WASHINGTON, April 16 (UPI) -- Saudi Arabia has warned the United States not to revoke its sovereign immunity, protecting the kingdom from lawsuits related to Sept. 11, or it will sell off hundreds of billions in American assets.
A bipartisan law sponsored by Sens. Chuck Schumer, D-N.Y., and John Cornyn, R-Texas, is being considered in the Senate, that would strip the Saudi government of its protection from American lawsuits in federal court. If enacted, the legislation would open a floodgate of civil suits against the Saudi government from families of the Sept. 11 victims.
A recent lawsuit filed in federal district court in New York by Sept. 11 families was dismissed on sovereign immunity grounds.
Saudi Arabia has never been formally linked to the 2001 terrorist attacks in New York and Washington, but 15 of the 19 hijackers were from there. A 28-page section of the government's official report on the Sept. 11 attacks deals with the role foreign governments played in the plot, but that section remains classified and has not been released to the public.
Recently, Zacarias Moussaoui, the so-called 20th hijacker, alleged as part of a plea deal for his role in the attack, that some members of the large and diverse Saudi royal family were aware of the plot and supported it.
Saudi Arabia has long denied any knowledge of the terrorist attacks that killed nearly 3,000 people. Their government has called on the United States to release the redacted portion of the 9/11 Commission report so it can defend itself against any specific allegations included.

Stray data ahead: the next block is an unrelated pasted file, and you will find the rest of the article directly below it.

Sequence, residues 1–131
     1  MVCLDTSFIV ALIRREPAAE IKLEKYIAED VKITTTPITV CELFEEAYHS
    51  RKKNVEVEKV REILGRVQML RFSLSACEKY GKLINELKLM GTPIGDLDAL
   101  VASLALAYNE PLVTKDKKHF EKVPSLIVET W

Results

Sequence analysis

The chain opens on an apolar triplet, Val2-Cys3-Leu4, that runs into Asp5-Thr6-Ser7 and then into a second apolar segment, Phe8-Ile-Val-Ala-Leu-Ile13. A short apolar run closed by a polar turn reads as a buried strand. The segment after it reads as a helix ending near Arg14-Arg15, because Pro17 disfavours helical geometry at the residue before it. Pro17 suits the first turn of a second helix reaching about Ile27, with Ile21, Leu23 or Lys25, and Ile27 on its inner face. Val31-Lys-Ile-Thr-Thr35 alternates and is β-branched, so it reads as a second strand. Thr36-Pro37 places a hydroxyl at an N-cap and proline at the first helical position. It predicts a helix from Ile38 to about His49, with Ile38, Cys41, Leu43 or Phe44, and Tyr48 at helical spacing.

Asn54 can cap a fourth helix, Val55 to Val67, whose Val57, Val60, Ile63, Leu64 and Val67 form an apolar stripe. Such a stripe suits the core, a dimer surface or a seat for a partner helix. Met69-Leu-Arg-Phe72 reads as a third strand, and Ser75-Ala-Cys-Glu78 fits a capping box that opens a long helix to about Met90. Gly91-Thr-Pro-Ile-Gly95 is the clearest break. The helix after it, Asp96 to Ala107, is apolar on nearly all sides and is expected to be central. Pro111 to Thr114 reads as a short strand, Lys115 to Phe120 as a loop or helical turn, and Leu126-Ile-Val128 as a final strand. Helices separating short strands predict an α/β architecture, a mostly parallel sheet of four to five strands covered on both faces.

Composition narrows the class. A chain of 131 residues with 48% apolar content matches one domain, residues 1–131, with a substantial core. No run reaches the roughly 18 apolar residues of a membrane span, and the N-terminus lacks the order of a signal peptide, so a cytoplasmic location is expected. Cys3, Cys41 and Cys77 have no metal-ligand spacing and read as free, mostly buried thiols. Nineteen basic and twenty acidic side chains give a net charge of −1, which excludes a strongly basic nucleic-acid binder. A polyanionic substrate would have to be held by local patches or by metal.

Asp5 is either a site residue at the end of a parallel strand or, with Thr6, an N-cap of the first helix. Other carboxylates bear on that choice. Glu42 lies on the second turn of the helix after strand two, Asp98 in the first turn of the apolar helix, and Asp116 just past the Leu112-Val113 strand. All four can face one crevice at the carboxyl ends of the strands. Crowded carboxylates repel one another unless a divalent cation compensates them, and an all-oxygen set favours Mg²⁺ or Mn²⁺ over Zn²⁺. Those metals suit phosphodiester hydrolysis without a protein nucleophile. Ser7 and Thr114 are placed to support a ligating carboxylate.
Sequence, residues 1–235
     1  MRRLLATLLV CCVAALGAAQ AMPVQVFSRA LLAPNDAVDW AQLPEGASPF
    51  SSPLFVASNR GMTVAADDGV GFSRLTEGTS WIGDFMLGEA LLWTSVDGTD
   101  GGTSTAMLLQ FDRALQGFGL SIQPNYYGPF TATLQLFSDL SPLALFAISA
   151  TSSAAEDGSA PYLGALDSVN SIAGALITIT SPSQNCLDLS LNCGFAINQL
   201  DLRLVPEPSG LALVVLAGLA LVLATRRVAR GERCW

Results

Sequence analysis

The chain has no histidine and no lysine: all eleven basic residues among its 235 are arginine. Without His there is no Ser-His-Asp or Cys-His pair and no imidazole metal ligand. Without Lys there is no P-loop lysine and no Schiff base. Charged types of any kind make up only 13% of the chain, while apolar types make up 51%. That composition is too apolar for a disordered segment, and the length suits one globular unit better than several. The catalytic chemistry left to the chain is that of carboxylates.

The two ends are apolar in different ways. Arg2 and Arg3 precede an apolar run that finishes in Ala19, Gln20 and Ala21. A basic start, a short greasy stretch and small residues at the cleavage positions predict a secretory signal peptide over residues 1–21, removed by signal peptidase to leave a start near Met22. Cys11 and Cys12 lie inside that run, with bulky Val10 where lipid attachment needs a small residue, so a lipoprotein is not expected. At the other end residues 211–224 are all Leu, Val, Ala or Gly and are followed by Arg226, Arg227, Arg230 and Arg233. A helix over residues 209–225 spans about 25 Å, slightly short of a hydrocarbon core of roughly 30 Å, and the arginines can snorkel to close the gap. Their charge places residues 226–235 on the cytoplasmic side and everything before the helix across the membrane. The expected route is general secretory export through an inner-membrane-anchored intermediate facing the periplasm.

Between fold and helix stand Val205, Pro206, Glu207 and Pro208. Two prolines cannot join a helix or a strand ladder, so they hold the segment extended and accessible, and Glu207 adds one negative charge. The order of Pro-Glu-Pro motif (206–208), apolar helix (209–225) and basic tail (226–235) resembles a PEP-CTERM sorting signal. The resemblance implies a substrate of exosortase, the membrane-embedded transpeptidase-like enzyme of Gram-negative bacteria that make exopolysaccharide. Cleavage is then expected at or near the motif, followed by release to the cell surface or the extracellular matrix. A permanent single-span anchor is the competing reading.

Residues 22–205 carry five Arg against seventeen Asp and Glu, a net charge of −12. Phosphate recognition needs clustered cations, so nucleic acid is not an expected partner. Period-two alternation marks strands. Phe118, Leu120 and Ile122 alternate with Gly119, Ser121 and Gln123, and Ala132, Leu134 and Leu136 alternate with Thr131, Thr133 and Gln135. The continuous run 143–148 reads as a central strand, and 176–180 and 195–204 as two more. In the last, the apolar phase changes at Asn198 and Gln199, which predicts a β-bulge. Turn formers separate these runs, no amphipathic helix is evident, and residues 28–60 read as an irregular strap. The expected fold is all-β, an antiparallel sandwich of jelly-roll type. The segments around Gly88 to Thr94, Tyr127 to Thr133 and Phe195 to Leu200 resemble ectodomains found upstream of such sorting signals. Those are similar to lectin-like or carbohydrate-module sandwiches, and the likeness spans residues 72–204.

The Obama administration has lobbied Congress to kill the immunity legislation, arguing the threat to the U.S. economy if Saudi Arabia were to follow through on the threats would be enormous. The New York Times reports such a sell-off would be difficult for the Saudis to pull off and could negatively impact their own economy just as much as America's.
Secretary of State John Kerry also warned lawmakers revoking sovereign immunity, which America enjoys around the world, could have grave diplomatic consequences by putting Americans at risk while they're overseas.
President Barack Obama is scheduled to travel to Saudi Arabia on Wednesday, a visit planned before the sovereign immunity debate became public. Obama has not said explicitly he would veto the legislation if it passes, but rather said he would prefer Congress to drop the issue of its own accord.